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DNR protecting rare dwarf trout lily in southern Minnesota

The rare and endangered dwarf trout lily is found in only three Minnesota counties, reports the Owatonna People’s Press, and now the state DNR is working to protect a stretch along the Straight River in Clinton Falls Township.

The state agency wants to buy the 21-acre site, which has the highest concentration of the flowers, and Steele County commissioners are considering the plan. The DNR would like to make the Clinton Falls area into a scientific and natural area, which restricts some activities, but it would still make it open to the public for observation, hiking and some educational visits — all activities that would not disturb the natural conditions, the paper said.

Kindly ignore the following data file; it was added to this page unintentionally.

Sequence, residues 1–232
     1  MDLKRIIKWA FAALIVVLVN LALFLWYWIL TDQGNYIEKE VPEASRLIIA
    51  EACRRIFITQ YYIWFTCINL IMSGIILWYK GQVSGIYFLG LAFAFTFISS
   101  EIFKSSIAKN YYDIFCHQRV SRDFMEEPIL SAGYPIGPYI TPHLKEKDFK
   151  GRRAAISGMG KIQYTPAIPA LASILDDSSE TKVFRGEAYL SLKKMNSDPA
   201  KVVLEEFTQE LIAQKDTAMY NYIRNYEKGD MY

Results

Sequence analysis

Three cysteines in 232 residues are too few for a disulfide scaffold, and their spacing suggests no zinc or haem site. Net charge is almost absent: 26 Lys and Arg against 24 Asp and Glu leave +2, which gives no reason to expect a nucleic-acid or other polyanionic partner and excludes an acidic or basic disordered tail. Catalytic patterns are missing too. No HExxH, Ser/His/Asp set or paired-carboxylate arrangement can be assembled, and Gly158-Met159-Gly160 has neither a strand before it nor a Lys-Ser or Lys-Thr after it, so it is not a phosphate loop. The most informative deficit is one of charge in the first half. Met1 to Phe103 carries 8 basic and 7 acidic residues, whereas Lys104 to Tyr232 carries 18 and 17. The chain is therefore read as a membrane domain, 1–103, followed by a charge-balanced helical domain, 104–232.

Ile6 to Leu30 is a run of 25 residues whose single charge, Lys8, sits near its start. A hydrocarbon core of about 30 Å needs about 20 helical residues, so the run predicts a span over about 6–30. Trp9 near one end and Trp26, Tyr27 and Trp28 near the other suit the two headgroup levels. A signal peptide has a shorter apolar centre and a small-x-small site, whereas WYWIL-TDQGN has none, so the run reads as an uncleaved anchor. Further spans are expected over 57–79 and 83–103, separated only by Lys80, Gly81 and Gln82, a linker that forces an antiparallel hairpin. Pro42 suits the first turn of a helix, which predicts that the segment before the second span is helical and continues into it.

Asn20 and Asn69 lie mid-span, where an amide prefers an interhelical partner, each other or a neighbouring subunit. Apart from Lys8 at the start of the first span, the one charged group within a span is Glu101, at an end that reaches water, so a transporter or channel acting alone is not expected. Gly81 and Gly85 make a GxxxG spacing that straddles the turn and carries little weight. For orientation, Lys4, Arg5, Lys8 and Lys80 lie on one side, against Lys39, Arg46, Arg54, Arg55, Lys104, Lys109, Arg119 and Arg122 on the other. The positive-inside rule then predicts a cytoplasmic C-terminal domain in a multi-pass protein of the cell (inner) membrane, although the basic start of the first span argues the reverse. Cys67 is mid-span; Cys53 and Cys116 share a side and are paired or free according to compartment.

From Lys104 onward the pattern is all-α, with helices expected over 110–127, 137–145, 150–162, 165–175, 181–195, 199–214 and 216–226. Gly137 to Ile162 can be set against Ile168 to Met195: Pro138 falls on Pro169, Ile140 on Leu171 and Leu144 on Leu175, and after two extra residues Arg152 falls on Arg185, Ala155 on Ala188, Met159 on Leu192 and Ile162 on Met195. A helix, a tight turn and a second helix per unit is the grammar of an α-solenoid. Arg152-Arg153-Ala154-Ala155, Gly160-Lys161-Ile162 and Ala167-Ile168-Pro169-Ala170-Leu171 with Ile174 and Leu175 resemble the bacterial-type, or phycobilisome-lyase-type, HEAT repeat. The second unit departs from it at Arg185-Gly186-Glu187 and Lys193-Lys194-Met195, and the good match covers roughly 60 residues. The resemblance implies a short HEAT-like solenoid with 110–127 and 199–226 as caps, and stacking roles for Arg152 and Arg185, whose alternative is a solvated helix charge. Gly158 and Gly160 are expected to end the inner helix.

The plant is also found in Rice and Goodhue counties but apparently nowhere else in the world. Says the paper:

The lily is believed to be a mutation of the white trout lily. A teacher at St. Mary’s School (now Shattuck-St. Mary’s) in Faribault discovered the flower, and it was first listed as a species in 1871 and placed on the federal list of endangered plant species.

The dwarf trout lily is rare mostly due to its unusual reproduction mode. It almost never produces seed. Instead, it grows from an underground bulb that renews itself annually. Occasionally, the underground stem of a flowering plant can produce a single offshoot of a new bulb. Forty-two percent of known populations occur in floodplains that may be prone to occasional flooding.

Dwarf trout lilies generally flower once a year in early spring.

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